It takes a special kind of person to run into a burning building when everyone else is running out.
Michael Breslin is one of those people.
Breslin, a Con Edison worker at Van Nest’s Facility, was leaving work on Saturday, April 14, when he noticed smoke coming from a buildng at 726 Van Nest Avenue.
“I was in my Con Ed vehicle making the right hand turn out of the facility, and as I was driving I looked over and saw smoke coming out of the apartment building,” Breslin said. “I knew it was a fire right away, so I turned around and pulled in front of the building.”
For the past two years, Breslin has served as a volunteer firefighter for the Commack Fire Department in Long Island.
The fire, which ultimately destroyed four buildings and displaced 11 families, required several hours and almost 200 firefighters to bring under control.
“I got six people out,” he said. “I didn’t carry anybody out of the fire, I just alerted them as to how bad the situation was and helped them safely get out. I also made sure the fire department was called, but after that, it was all about making sure people got out of there.”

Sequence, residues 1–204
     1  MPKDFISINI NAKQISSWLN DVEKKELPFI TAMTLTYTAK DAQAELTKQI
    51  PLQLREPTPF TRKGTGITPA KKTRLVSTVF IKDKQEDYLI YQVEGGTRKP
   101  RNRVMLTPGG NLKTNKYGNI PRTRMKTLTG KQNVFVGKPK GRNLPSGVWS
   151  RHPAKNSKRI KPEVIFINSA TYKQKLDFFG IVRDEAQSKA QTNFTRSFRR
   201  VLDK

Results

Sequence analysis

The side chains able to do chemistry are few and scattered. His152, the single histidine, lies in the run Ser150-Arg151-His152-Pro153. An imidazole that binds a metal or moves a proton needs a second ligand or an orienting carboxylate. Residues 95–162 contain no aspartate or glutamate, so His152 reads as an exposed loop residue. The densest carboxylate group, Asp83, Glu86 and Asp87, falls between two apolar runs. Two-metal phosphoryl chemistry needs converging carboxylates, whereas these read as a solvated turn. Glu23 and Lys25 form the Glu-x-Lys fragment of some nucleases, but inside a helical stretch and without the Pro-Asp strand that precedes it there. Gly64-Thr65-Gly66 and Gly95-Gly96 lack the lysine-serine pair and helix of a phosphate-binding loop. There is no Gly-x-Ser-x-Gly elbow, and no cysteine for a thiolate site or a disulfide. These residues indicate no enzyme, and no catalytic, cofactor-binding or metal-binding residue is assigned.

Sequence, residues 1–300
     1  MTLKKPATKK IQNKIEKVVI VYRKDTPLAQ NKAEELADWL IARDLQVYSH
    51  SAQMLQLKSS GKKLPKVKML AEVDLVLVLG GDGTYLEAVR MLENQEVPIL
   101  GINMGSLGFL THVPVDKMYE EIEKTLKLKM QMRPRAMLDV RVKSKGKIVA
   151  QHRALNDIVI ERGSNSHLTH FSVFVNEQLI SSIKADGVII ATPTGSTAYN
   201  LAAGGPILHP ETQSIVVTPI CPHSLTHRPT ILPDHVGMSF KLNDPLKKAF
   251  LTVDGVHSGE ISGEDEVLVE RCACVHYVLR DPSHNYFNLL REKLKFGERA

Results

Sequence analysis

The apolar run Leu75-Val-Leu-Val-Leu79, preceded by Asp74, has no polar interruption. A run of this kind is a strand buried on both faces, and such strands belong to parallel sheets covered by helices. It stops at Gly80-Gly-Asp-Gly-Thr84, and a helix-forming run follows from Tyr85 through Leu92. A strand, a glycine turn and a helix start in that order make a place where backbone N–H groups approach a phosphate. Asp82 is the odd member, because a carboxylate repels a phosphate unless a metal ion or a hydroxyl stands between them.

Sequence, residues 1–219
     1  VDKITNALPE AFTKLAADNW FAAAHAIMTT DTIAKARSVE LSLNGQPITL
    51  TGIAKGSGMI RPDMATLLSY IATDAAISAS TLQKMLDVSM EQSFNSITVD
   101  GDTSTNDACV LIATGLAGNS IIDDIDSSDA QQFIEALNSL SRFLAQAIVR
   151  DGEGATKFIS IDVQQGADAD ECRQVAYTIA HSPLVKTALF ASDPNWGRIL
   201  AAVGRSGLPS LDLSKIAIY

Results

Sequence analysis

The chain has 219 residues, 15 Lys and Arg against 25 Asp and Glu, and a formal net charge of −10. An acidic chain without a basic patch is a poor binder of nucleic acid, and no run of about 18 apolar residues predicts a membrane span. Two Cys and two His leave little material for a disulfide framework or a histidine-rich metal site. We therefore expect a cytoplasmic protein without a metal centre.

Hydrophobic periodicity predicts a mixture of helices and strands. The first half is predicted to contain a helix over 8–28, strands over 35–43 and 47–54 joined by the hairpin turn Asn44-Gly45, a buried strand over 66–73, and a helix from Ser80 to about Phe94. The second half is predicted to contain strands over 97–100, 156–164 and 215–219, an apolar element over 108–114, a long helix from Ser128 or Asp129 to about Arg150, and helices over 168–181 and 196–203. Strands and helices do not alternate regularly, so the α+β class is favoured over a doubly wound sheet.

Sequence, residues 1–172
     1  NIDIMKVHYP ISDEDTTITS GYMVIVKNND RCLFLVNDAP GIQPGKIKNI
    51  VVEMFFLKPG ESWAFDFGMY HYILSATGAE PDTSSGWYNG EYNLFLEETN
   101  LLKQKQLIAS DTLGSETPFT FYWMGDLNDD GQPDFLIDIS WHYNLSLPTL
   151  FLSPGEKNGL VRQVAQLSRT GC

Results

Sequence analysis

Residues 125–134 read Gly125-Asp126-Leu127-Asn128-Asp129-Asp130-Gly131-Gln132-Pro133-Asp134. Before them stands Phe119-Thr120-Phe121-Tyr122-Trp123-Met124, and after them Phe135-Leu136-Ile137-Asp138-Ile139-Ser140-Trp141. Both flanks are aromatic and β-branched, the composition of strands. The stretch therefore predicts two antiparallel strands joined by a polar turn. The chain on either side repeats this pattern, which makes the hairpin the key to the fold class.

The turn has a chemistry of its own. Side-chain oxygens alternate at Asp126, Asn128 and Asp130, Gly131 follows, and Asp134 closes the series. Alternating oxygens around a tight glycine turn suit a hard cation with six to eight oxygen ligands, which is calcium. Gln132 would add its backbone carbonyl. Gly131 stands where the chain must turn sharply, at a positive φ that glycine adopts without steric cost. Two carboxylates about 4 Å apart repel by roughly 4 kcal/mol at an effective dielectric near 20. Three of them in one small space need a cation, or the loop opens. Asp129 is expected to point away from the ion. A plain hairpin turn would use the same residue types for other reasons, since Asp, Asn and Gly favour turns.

On Thursday, May 17 in front of the Con Ed facility, Senator Jeff Klein, Councilman Jimmy Vacca and Assemblywoman Naomi Rivera honored Breslin for his heroic deeds.
“When Michael Breslin made the courageous decision to step into that burning building, he put his own life on the line for the lives of others. For that, he deserves our sincerest gratitude and continued recognition,” Klein said.
Rivera said the community was blessed to have a hero among them when disaster struck.
Bernadette Ferrara, vice president of the Van Nest Neighborhood Alliance, said it has been working with the Red Cross and the 49th Precinct Community Council to establish The Van Nest Relief Fund, which has raised $3,000 to help the families.
The alliance also held a clothing drive at St. Dominic’s School and a household items drive at P.S. 83.
“Right now we are calling all of the families to see what day they can come to St. Dominic’s school to collect the items we have gathered,” Ferrara said. “It is mostly household items for all the families, just things they can use every day that would help lessen their load.”